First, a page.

A pregnant Nigerian woman, who departed from the Libyan coast on a voyage to Europe ended up giving birth on the German naval ship that rescued her and 654 other migrants.
According to the German Military Chaplaincy, the Nigerian woman named Vivian was one of 655 people who piled onto four flimsy dinghies in order to reach Europe with the hope of a better life.
On July 6, their first day at sea, a German naval ship saw the boats, and, recognizing the precarious condition of the dinghies, described as “un-seaworthy,” brought them on board.
Immediately after being rescued, Vivian went into labour and delivered a baby boy on board the ship. The military chaplain Fr. Jochen Folz and the medical team immediately offered their support. After only a few minutes Vivan made one wish very clear: she was Catholic, and she wanted her newborn son to be baptized.
So Fr. Folz got to work right away with the help of ship’s officers and crew: the radio operator enabled the Internet so the priest could access the English texts needed for the rite of Baptism, while others found a sauceboat, matching tray for a makeshift “baptismal” font and a candle.
A woman named Martina O., who was also rescued from the dinghies, agreed to take on the role of the child’s godmother. Fr. Folz asked Vivian:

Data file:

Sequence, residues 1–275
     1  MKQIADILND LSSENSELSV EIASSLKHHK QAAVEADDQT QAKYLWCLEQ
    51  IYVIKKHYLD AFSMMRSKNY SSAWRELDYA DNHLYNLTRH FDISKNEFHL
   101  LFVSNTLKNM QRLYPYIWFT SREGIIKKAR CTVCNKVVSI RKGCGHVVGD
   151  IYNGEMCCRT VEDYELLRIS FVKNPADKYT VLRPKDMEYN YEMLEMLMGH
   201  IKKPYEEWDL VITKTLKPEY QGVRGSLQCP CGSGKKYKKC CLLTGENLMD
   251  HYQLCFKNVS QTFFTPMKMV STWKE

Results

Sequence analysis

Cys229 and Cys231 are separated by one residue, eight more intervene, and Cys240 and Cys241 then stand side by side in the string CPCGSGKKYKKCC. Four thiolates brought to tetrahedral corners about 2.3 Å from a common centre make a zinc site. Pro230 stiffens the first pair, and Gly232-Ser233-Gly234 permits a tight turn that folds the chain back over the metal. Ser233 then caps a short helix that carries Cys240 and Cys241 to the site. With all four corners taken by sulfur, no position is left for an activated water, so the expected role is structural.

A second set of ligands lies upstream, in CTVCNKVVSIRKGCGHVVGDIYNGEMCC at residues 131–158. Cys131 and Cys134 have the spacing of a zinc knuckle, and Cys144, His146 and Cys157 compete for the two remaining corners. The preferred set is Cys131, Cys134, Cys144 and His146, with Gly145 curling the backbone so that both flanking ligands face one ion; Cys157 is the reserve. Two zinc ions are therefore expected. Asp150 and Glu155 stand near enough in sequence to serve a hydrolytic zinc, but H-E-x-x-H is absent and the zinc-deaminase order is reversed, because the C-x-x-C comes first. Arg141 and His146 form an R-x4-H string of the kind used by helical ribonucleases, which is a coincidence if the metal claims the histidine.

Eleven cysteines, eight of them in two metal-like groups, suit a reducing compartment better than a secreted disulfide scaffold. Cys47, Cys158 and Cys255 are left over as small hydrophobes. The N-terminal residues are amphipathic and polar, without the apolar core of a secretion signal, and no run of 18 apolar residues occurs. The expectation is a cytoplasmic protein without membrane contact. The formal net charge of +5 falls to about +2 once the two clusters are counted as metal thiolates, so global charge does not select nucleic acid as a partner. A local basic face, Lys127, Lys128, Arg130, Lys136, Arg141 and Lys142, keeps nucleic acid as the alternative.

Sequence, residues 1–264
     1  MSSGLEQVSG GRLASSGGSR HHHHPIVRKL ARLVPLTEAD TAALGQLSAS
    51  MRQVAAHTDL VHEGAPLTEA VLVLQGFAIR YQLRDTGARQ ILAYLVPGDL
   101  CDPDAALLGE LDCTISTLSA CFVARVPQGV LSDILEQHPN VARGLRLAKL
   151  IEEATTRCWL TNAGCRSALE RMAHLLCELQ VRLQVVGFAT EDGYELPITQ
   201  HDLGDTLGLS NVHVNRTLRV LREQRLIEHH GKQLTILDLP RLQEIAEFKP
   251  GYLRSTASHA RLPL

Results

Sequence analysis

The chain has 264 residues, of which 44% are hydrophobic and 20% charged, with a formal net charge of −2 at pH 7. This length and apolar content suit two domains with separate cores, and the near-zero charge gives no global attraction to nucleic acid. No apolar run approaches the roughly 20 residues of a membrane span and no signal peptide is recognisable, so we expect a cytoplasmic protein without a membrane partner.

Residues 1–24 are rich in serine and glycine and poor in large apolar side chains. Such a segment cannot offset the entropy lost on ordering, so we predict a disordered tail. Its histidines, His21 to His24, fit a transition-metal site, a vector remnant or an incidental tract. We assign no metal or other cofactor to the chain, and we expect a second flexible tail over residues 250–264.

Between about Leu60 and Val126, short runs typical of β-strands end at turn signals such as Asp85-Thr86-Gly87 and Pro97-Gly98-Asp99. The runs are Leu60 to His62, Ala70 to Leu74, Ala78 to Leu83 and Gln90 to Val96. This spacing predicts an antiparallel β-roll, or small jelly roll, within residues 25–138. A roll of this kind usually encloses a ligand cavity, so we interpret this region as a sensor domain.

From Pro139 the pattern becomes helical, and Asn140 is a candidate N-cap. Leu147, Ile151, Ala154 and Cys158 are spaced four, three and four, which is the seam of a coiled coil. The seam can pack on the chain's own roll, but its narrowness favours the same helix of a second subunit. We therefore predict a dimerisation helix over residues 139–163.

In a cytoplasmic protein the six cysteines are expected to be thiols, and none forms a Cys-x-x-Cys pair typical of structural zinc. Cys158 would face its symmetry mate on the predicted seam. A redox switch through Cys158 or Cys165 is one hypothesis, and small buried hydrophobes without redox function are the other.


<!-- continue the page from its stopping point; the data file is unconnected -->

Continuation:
“What name will you give your child,” to which she replied: “Ikpomosa.”
After pouring water over the child’s head three times with the sauceboat while reciting the ancient biblical formula: “I baptize you in the name of the Father and of the Son and of the Holy Spirit,” the priest then lit the candle and passed to his godmother.
Fr. Folz draped his white priestly stole over the newborn as a symbol of the divine sonship since there was no white baptismal gown.
As a baptismal gift, baby Ikpomosa was given a medal of St. Michael the Archangel, while Vivian and Martina were each given a medal of the Virgin Mary. All three had been prepared by a medical soldier, who tied a ribbon on each so they could be hung or tied somewhere safe.